Tuesday, August 8, 2017

The Smallest Thing by Lisa Manterfield | A Book Review

The Smallest Thing by Lisa Manterfield | A Book Review  by iamnotabookworm!

I have been MIA for about three weeks. I have another endeavor which I'm trying really hard to work out.  I am currently home away from home and I am hoping that this is going to be the break that I have been waiting for. I am praying that the Lord will have mercy on me and finally grant me this fervent wish.  I have asked the help of all my prayer warriors and from all the angels and saints in heaven to help pray for me also. 

One other reason which contributed to my being MIA from the blogging and the book world is that some keys on my laptop (technically my brother's which I borrowed) are not working. And they turned out to be the most used keys. What a pain it is! I have to resort to using the on-screen keyboard which is not as easy as the usual. I think it would take me a very long time to finish this review.  So, I might as well get on it.

Oh, did I mention that this review was supposed to be due the first day of August? Yes! I am way past the very dead deadline.  I have sent an email to ebooksforreview.com of my challenge. And this has been truly testing my patience and resourcefulness.

Like the story, we would never know how the smallest thing could affect or alter an aspect of our life. Just like the on-going challenge I am experiencing. I never thought that I would ever have this kind of problem and it affects me greatly because the laptop is my partner in this blogging and book reviewing lifestyle. I felt handicapped by this. The Smallest Thing is about a 17-year old girl who can't wait to leave her small town and live and breathe London. Until, a series of deaths in the neighborhood lead to more complications and heartbreaks. If you ask me, what happened in this book was not really a small thing. It was very huge and had affected the life of the main character Emmott and her small town deeply, that made her grow into a mature and selfless woman.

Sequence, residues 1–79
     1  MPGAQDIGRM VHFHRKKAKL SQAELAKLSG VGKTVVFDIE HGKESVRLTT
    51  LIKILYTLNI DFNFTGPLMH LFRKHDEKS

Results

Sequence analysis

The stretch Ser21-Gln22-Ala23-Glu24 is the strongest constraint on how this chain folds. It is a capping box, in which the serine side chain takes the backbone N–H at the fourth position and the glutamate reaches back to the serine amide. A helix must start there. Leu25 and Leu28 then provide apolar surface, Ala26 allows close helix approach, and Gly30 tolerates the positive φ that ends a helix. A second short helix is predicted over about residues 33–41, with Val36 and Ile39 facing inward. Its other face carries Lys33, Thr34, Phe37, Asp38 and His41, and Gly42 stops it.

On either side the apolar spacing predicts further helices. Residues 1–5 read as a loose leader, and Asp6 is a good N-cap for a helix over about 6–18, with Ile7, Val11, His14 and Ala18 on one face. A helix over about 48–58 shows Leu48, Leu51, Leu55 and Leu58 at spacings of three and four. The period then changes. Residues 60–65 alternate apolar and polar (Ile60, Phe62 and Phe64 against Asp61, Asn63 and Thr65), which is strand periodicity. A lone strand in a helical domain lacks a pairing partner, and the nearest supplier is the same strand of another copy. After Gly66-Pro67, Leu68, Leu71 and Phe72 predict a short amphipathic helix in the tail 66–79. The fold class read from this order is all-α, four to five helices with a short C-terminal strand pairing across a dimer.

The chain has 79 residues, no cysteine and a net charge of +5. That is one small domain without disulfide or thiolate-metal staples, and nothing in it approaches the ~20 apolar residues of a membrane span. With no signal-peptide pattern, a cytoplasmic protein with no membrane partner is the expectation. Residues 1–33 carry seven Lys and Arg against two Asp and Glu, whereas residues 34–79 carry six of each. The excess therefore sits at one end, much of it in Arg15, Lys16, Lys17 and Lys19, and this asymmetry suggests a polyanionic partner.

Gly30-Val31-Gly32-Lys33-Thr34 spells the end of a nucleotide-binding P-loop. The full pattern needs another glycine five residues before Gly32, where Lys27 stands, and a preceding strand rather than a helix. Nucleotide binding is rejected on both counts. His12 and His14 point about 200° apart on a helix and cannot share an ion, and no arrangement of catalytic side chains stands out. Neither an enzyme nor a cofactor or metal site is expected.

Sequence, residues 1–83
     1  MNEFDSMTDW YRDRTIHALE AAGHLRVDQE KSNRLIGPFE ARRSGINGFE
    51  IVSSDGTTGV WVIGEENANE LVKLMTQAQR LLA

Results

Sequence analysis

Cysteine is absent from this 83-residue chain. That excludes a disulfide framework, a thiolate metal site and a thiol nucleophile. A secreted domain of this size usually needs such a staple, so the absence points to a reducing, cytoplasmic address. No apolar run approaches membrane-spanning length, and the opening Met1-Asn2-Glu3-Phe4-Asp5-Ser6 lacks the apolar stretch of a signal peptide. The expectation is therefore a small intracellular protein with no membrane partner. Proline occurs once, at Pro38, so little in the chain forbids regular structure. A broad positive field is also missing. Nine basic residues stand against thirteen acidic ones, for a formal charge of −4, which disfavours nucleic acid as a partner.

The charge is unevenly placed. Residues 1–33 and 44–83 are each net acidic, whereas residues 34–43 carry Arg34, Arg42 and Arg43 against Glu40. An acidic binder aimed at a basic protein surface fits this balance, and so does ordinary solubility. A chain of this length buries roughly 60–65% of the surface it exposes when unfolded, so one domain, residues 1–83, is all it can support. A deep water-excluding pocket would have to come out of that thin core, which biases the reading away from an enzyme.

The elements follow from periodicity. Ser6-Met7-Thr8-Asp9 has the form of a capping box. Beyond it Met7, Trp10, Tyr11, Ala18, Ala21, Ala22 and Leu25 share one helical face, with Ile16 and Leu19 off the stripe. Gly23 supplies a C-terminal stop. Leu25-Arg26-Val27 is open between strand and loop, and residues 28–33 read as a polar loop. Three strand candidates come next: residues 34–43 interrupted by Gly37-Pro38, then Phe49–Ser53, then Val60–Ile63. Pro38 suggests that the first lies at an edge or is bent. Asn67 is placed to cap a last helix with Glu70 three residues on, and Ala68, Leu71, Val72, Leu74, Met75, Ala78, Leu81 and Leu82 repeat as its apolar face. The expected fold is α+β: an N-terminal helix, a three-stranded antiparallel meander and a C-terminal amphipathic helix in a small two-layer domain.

I can relate to Emmott very closely. I think we have been all under a similar situation where we made plans for our future and have painstakingly and religiously took care of the details but then by some fortuitous event abruptly change all those plans. And all those other backup plans we prepared for such eventuality don't even apply. And the most heartbreaking thing of all, is we are forced to change the direction we are heading. We are not only forced to alter our plans but scrapped it all and do something else. The exact opposite. Even, start over. And much to our surprise and relief, everything works out in the end.

The story is very realistic. It truthfully mirrors real-life. Like how diamonds are made, we too have to undergo a similar process of polishing by going through high pressure and extreme temperatures to bring out our shine and be the best of what we are. We become strong because we have been tested and have survived situations we thought we could never get out alive. And like in the story, the simplest gestures often mean a  whole lot to others. Yes, a random act of kindness goes a long way. It gives hope to some. And for some people, they just need the tiniest spark.

My only wish was that it ended with a clear note on Aiden. He was key to the change in Emmott's character so it's just fair that his character should deserve a better picture of how he turned out in the end of the story.   

I give the book 4.5/5 Big Ben Towers. This is a very unassuming book but it packs a punch. It may say small but it would fill your heart with overwhelming emotions. Emmott started out as a typical teenager who can't wait to spread her wings and be her own person, like we were all were. Then, ends up doing the opposite because it was the right and the best thing to do. The situation demanded that she think beyond herself and she rose up to the challenge.

 

I don't have much to offer--a friendly face, a kind word, and a simple human touch, the smallest thing--but it's better than nothing.
- Lisa Manterfield, The Smallest Thing - 



Thank you again, Kathy of ebooksforreview.com for the copy. Sorry for the delayed post.